Prepare your Mower for Winter

| 11/1/2007 12:00:00 AM

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This week (and perhaps several other weeks in November) we have a guest blogger in the Do It Yourself department. The following was written by Nevin Hawlman, a homesteader in Pennsylvania. Please share your thoughts in the comments section below. –Mother

This is the time of year when most people winterize their lawn mower — by putting it in the shed and forgetting about it. A few of us drain all the gasoline and run it until it stops to prevent varnish deposits from clogging the carburetor. We might even drain the oil while it is hot, and fill it with new oil. 

Here's an additional tip: Remove the spark plug and squirt a teaspoon of motor oil into the hole, pull the starter rope and replace the plug. This lubricates the piston and rings during storage. You should also remove the blade(s) and sharpen or replace them. And clean or replace the air filter. To prolong the battery's life (if it has a battery),  move the battery to a warm place during winter.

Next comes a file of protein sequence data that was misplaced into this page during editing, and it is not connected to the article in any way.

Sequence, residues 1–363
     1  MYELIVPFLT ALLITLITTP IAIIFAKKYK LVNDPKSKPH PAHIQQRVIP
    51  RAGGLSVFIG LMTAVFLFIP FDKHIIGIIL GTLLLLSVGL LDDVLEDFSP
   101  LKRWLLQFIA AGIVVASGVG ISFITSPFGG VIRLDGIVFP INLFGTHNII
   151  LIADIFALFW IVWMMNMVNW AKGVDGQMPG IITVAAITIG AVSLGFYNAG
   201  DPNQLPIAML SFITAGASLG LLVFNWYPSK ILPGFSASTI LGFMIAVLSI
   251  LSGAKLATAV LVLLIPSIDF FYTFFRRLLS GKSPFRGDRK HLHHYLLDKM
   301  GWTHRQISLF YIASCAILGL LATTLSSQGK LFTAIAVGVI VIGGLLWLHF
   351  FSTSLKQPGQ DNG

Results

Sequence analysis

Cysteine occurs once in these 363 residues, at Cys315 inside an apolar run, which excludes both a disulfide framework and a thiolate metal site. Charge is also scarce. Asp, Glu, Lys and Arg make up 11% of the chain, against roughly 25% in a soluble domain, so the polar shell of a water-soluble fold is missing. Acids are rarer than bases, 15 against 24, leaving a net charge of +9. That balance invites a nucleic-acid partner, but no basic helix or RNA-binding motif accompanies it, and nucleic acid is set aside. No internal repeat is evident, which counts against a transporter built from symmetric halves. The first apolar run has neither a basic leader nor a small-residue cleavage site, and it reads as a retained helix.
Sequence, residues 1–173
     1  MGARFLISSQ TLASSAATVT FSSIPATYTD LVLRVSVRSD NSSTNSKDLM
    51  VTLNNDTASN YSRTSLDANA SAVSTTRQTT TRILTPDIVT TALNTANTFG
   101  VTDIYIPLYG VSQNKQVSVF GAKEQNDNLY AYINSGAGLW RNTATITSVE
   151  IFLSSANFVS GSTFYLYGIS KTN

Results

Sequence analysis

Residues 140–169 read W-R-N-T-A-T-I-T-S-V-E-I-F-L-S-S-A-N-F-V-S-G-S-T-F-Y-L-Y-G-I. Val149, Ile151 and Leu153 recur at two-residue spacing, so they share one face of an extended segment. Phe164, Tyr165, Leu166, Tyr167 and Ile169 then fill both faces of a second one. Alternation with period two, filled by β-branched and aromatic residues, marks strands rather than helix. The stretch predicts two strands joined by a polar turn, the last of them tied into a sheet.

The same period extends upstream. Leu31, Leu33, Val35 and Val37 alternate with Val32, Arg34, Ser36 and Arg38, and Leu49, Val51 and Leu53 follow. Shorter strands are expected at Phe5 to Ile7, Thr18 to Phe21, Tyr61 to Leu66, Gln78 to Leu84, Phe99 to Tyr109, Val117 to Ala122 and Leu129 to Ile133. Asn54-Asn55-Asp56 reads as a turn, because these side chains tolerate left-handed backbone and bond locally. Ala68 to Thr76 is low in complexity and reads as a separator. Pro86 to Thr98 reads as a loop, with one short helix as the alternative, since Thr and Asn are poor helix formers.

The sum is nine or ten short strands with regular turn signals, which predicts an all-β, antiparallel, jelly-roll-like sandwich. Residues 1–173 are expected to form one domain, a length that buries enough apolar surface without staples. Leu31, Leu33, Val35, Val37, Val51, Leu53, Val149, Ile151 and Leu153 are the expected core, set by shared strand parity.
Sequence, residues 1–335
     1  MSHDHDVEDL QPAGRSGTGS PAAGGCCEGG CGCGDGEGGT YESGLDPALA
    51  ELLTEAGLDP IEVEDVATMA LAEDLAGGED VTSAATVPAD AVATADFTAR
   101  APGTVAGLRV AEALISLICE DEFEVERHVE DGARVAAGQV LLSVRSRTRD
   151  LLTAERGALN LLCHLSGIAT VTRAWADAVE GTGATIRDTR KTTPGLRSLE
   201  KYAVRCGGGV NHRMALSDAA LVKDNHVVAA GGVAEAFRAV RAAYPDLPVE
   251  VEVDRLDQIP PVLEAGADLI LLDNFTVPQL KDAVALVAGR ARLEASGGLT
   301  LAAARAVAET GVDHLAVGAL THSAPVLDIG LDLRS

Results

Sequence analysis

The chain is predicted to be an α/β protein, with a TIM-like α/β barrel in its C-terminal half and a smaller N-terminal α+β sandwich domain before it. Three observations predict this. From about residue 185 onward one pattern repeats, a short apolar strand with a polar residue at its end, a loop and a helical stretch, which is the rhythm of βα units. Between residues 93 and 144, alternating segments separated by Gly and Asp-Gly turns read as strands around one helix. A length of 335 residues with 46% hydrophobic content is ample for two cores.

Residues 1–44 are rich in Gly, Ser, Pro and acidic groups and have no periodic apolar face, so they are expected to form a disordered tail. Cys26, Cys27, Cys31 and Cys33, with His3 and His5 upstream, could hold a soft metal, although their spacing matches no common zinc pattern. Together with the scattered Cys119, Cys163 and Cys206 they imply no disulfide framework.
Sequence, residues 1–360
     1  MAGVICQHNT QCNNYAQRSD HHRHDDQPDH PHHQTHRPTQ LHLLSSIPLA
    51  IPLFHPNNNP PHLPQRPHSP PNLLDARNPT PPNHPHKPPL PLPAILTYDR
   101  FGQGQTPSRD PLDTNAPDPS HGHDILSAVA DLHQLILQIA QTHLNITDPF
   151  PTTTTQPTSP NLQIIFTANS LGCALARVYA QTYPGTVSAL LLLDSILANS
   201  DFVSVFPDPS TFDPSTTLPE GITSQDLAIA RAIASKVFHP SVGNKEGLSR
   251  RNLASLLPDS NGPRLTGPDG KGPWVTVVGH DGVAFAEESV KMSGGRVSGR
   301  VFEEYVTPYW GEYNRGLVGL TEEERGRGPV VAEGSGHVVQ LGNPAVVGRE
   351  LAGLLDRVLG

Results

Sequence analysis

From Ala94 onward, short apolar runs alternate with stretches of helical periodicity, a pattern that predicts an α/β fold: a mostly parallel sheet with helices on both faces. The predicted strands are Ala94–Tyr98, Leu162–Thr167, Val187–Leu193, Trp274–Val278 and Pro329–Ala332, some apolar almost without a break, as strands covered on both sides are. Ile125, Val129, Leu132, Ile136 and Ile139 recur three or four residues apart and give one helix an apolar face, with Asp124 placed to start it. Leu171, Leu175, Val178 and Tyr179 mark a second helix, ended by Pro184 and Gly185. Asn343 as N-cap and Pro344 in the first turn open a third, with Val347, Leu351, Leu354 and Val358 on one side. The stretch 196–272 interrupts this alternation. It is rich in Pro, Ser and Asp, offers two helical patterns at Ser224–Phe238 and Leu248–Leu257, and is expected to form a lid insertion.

How many of us mouse-proof the mower to prevent those miserable mice from making a potentially dangerous nest of flammable materials under the engine shroud, right next to the hot exhaust pipe? A mouse nest can overheat and ruin your engine by blocking air from the air-cooling passages. Their excrement can also corrode metal parts and wires,
and they love to chew on the insulation.

A plastic garbage bag very securely wrapped around your mower engine and cables may stop mischievous mice. I've heard that a scattering of used cat litter may be a deterrent. I'm sure the cat would be! 

The greatest danger is from parking your hot mower in a shed and having it catch fire. If the gas tank catches fire, the danger escalates. So, if you see bits and pieces of leaves, feathers, cloth, insulation, snake skins, plastic, etc., sticking out from under the shroud of your mower engine, then it may be time to pop the shroud and check for hazardous debris.
5/27/2018 9:04:09 PM

I used the plans at WWW.EASYWOODWORK.ORG to build my own – I highly recommend you visit that website and check their plans out too. They are detailed and super easy to read and understand unlike several others I found online. The amount of plans there is mind-boggling… there’s like 16,000 plans or something like that for tons of different projects. Definitely enough to keep me busy with projects for many more years to come haha. Go to WWW.EASYWOODWORK.ORG if you want some additional plans :)

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